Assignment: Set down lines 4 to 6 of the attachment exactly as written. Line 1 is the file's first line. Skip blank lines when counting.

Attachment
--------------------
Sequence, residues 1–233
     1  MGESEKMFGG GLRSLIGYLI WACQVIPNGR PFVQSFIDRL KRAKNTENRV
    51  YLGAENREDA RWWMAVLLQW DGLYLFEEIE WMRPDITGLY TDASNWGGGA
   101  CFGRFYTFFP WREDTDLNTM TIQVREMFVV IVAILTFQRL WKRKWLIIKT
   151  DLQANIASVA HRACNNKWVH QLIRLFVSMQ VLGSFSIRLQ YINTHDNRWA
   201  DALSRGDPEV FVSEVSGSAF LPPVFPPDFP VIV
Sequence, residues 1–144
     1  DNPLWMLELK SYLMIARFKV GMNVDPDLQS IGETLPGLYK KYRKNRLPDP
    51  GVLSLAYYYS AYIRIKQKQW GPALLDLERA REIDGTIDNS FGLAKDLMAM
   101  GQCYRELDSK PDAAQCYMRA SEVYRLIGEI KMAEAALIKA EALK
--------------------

   101  CFGRFYTFFP WREDTDLNTM TIQVREMFVV IVAILTFQRL WKRKWLIIKT
   151  DLQANIASVA HRACNNKWVH QLIRLFVSMQ VLGSFSIRLQ YINTHDNRWA
   201  DALSRGDPEV FVSEVSGSAF LPPVFPPDFP VIV